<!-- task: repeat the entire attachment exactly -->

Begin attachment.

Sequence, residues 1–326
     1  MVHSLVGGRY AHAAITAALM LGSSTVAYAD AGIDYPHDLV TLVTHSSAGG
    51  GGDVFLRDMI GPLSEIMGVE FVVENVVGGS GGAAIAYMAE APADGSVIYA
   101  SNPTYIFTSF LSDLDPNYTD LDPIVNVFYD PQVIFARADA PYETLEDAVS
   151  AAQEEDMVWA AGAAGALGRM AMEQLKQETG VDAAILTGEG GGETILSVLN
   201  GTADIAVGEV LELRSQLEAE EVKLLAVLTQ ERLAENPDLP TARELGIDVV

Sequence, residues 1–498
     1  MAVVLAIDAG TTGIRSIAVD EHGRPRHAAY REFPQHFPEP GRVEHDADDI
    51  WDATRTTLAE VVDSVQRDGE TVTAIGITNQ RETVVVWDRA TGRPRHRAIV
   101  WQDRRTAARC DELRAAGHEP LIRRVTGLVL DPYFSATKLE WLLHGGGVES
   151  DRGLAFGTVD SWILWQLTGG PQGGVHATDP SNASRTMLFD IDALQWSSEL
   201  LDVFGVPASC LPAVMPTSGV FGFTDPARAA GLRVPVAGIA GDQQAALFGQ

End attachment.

Sequence, residues 1–326
     1  MVHSLVGGRY AHAAITAALM LGSSTVAYAD AGIDYPHDLV TLVTHSSAGG
    51  GGDVFLRDMI GPLSEIMGVE FVVENVVGGS GGAAIAYMAE APADGSVIYA
   101  SNPTYIFTSF LSDLDPNYTD LDPIVNVFYD PQVIFARADA PYETLEDAVS
   151  AAQEEDMVWA AGAAGALGRM AMEQLKQETG VDAAILTGEG GGETILSVLN
   201  GTADIAVGEV LELRSQLEAE EVKLLAVLTQ ERLAENPDLP TARELGIDVV

Sequence, residues 1–498
     1  MAVVLAIDAG TTGIRSIAVD EHGRPRHAAY REFPQHFPEP GRVEHDADDI
    51  WDATRTTLAE VVDSVQRDGE TVTAIGITNQ RETVVVWDRA TGRPRHRAIV
   101  WQDRRTAARC DELRAAGHEP LIRRVTGLVL DPYFSATKLE WLLHGGGVES
   151  DRGLAFGTVD SWILWQLTGG PQGGVHATDP SNASRTMLFD IDALQWSSEL
   201  LDVFGVPASC LPAVMPTSGV FGFTDPARAA GLRVPVAGIA GDQQAALFGQ